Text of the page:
Professor Yiannis Gabriel, Chair in Organisation Studies, University of Bath School of Management
When everyone is ‘special’: How we defend ourselves when we all believe in choice
Wednesday 4 December 2013
Since its origins in the works of Taylor and Weber, management has viewed people as resources to be deployed, measured and controlled. In late modernity, however, management has encountered people in different guises, as emotional, meaning-seeking and identity-seeking. This approach has resulted from an increasing emphasis on consumerism, choice, customer service and the shift from manufacturing to a service economy in which emotion becomes a fundamental aspect of the labour process.
In consumerist society, every choice is modelled on consumer choices, and every choice, no matter how trivial, becomes an existential choice – i.e. an identity- and self-defining choice. This lecture will argue that choice is emerging as the dominant illusion of our times, an illusion for the sake of which people are quite willing to endure high levels of insecurity and frustration. This, in turn, prompts new forms of psychological defence.
The lecture will conclude with the suggestion that a new defence, that of specialness, is overtaking more traditional defences against insecurity and anxiety. While earlier defences, rooted in Oedipal dynamics, sacrificed freedom in the interest of security and sought solace in bureaucratic routine, this new defence accepts uncertainty and unpredictability but envisages an imaginary cloak that defends the subject from the slings and arrows of fortune.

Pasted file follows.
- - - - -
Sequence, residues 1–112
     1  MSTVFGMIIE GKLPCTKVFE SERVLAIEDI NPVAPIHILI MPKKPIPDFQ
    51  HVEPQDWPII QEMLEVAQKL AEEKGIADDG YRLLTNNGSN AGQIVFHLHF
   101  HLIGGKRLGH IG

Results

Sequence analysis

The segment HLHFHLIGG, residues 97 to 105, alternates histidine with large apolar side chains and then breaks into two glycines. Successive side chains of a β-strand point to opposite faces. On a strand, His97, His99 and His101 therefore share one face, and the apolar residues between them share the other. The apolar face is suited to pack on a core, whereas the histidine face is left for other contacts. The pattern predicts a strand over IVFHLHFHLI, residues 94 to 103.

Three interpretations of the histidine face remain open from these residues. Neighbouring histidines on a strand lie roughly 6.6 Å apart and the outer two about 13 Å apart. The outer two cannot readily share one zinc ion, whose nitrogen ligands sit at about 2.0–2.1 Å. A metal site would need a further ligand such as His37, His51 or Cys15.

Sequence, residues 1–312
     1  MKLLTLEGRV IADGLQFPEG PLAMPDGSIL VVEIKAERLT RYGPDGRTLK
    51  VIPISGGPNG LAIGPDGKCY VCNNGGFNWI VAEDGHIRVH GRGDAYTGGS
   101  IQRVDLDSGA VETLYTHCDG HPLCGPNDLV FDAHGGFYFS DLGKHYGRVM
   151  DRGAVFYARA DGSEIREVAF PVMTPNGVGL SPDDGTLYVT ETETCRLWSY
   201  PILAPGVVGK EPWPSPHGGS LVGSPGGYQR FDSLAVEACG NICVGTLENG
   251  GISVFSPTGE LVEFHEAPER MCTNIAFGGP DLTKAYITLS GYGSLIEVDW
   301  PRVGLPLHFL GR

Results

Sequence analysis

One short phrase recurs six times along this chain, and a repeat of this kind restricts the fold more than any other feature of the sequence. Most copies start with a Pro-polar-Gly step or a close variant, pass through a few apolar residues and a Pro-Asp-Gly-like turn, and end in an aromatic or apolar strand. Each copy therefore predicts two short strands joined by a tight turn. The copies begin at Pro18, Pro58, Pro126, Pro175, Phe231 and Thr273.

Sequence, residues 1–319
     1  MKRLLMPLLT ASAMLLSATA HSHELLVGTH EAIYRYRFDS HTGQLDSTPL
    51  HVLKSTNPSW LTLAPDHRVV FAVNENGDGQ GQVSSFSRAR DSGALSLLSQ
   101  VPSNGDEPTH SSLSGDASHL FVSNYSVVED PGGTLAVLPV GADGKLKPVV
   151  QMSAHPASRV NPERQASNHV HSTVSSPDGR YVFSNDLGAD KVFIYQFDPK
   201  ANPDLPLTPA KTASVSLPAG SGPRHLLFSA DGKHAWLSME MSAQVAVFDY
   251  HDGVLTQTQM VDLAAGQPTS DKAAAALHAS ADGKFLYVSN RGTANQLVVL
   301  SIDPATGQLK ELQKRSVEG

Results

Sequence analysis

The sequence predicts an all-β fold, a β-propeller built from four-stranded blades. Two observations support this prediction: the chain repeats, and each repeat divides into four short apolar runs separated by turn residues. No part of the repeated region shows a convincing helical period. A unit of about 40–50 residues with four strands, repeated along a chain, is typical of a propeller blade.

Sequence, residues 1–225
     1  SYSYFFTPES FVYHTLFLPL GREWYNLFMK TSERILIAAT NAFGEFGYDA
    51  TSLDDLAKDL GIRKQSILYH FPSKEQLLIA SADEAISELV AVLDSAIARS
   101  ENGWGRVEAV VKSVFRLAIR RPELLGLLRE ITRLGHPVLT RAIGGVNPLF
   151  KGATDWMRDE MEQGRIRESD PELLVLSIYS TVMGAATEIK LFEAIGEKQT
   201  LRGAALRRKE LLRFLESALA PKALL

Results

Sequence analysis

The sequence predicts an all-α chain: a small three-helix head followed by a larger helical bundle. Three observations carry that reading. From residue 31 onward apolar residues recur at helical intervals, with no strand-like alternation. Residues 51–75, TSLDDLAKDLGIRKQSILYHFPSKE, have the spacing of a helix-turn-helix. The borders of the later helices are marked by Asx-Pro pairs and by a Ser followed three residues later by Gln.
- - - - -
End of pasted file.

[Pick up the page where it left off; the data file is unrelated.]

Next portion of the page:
Yiannis Gabriel is Professor of Organisational Theory at the School of Management of Bath University. Earlier, he held chairs at Imperial College and Royal Holloway, University of London. Yiannis has a degree in Mechanical Engineering from Imperial College London, where he also carried out post-graduate studies in industrial sociology. He has a PhD from the University of California, Berkeley. Yiannis is known for his work into leadership, management learning, organisational storytelling and narratives, psychoanalytic studies of work, and the culture and politics of contemporary consumption. He has used stories as a way of studying numerous social and organisational phenomena including leader-follower relations, group dynamics and fantasies, the management of change, innovation and knowledge transfer.
Yiannis is co-founder of the Organisational Storytelling Seminar series, now in its twelfth year (See http://www.organizational-storytelling.org.uk/). More recently, Yiannis has carried out research on leadership and patient care in the hospital sector and on the experiences of sacked leaders, pilots and other senior professionals. He is the author of nine books and numerous articles as well as the University of London distant learning MBA Leadership module. He was editor of Management Learning, associate editor of Human Relations and is currently Senior Editor of Organisation Studies. His enduring fascination as a researcher and educator lies in what he describes as the unpredictability and complexity of organisational life.